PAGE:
Poster Session P2 - Diagnosis and Disease Progression - Neuroimaging

Monday, July 19, 2004

Abstract: P2-208

Citation: NeuroBiology of Aging, Volume 25, Number S2 , July 2004, Page 289


Corpus Callosum Atrophy in a Mixed Elderly Population

Charlotte Ryberg1, Egill Rostrup1, Ellen Garde1, Anne Mette Hejl2, Anne Mette Leffers1, Gunhild Waldemar2

On behalf of the LADIS group, University of Florence, Florence, Italy; 1 Danish Research Center for Magnetic Resonance, Copenhagen University Hospital, Hvidovre, Denmark; 2 Memory Disorders Research Unit, Dept. of Neurology, Copenhagen University Hospital, Rigshospitalet, Copenhagen, Denmark. Contact e-mail: ryberg@magnet.drcmr.dk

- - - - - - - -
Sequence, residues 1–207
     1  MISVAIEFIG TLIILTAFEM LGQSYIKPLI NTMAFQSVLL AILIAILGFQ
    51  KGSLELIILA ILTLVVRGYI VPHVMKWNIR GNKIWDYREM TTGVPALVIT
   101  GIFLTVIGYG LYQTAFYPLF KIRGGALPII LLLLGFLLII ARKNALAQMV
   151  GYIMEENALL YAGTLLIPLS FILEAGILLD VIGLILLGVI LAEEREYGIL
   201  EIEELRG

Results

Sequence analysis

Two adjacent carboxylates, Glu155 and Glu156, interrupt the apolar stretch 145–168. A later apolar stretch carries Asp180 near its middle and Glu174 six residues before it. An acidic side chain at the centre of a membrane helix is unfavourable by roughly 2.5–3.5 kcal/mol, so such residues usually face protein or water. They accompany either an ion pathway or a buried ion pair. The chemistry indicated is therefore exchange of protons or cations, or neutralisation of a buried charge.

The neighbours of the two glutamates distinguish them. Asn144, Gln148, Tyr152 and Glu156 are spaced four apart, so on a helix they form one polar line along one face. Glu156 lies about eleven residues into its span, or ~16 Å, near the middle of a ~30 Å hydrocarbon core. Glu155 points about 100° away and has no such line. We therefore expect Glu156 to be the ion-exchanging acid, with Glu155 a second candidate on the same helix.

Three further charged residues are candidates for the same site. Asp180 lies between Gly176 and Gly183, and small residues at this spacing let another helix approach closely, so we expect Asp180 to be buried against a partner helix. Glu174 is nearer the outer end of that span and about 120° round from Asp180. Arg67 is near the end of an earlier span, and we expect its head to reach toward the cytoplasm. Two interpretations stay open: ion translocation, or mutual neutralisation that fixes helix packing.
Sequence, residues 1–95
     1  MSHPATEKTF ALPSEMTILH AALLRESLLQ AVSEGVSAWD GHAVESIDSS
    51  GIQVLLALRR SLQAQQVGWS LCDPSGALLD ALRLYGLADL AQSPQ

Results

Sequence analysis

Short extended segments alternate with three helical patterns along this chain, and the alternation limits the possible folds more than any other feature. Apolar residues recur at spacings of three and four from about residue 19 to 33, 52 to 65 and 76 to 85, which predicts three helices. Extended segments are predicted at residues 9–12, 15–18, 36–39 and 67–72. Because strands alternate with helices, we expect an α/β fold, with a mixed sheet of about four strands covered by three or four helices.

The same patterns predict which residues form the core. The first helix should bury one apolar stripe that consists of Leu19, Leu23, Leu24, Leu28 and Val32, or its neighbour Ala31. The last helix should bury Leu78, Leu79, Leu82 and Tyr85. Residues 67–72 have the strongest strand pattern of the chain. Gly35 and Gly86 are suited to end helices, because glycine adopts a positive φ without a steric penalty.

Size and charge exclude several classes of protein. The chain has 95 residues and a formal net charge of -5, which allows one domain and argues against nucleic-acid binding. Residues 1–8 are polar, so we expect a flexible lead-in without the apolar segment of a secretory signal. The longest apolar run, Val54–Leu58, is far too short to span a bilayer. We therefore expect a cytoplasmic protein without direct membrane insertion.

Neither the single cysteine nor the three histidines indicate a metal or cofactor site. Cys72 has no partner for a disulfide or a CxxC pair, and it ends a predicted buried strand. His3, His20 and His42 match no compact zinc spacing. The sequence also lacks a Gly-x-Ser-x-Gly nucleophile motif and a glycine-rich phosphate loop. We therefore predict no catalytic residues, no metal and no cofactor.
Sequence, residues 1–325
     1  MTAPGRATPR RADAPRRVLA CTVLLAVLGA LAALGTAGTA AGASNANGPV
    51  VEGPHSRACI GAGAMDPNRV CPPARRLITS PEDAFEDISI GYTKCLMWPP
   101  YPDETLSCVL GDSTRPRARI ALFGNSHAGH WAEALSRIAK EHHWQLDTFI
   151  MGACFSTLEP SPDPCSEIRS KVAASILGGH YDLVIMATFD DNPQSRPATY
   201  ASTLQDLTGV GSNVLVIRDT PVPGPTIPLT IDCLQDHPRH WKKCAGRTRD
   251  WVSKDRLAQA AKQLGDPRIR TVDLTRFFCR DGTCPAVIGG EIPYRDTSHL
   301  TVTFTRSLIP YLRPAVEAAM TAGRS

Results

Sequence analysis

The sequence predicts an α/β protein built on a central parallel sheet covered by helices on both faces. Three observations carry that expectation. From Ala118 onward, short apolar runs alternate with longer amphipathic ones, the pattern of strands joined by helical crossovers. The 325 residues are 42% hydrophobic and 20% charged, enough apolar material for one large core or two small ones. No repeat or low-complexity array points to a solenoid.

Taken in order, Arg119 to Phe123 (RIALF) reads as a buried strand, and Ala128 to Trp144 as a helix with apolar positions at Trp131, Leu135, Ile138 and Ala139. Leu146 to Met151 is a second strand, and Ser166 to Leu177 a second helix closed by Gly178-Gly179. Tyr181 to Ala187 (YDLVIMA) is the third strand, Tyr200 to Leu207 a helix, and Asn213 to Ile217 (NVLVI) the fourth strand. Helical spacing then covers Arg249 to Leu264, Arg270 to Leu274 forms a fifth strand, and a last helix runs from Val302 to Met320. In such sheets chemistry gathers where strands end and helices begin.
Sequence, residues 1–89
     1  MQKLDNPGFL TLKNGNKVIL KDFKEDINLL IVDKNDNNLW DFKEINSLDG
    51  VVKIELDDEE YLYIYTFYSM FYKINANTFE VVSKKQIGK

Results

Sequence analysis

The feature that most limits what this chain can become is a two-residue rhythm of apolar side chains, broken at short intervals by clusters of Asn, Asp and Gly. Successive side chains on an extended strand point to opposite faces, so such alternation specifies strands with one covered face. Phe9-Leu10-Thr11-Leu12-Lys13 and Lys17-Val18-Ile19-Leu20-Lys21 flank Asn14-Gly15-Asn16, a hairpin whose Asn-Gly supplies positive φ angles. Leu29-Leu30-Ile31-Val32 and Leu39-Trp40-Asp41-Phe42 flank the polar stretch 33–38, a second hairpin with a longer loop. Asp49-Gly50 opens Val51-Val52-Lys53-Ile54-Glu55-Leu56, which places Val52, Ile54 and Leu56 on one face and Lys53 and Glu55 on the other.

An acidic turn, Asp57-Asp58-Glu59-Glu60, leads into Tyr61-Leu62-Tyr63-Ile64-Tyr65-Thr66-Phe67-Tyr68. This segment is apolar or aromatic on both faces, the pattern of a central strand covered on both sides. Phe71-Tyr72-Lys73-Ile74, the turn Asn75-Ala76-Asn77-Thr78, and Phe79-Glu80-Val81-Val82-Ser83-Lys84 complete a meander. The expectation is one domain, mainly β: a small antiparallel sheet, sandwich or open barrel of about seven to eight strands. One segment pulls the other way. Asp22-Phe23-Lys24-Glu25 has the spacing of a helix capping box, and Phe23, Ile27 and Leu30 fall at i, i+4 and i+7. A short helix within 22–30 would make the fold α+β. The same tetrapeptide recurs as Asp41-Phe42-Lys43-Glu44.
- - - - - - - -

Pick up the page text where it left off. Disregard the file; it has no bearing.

Background: Corpus Callosum (CC) pathways communicates cognitive and learned information between the two hemispheres. Effects on regional callosal structure has been reported in Alzheimer's Disease and multiple sclerosis and suggest that CC tissue loss may be a marker for early phase degenerative disease. To evaluate this hypothesis we investigated the relationship between CC size and the severity of white matter hyperintensities (WMH) and degree of cognitive impairment, in a mixed population of non-demented elderly subjects with WMH. Methods: Sixty-two subjects (34/32 F/M, mean age = 74.7 years, range 65-84 years) participated in the Danish cohort of a European longitudinal study on ``Leukoaraiosis And DISability'' (LADIS). Subjects were recruited from an outpatient memory clinic and from a population of healthy elderly and had no or minor disability (ADL). For all subjects high-resolution 3D sagittal MPRAGE of the whole head was acquired on a 1,5 T Vision Siemens scanner. CC cross-sectional area was manually delineated on the midsagittal slice. Subsequently, the CC cross-section was automatically subdivided into 5 regions (rostrum and genu, rostral body, midbody, isthmus and splenium) in an antero-posterior direction. The severity of WMH were categorized according to Fazekas scale in mild, moderate or severe WMH. Cognitive impairment was assessed with the Mini-Mental State Examination (MMSE). Results: Mean MMSE was 28.2 (range 22-30). The mean total CC area was 518.6 mm2 (range 293.8-779.5; ICV-normalized values). Smaller CC area correlated significantly (Spearman) with lower MMSE (CCtotal p < 0.039; Rostral body p < 0.001; Midbody p < 0.006; Isthmus p < 0.041) and increased WMH load (Rostral body p < 0.006; Midbody p < 0.032). We also found a significantly higher WMH load (p < 0.002) and lower MMSE score (p < 0.045) with increasing age. However when we corrected for age the only significant correlations were those between MMSE and Rostral body (F 5.447; p = 0.023), and between MMSE and Midbody (F 2.034; p = 0.047). Conclusion: Loss of CC tissue correlates significantly with impaired cognitive function and with increased WMH load as well as age.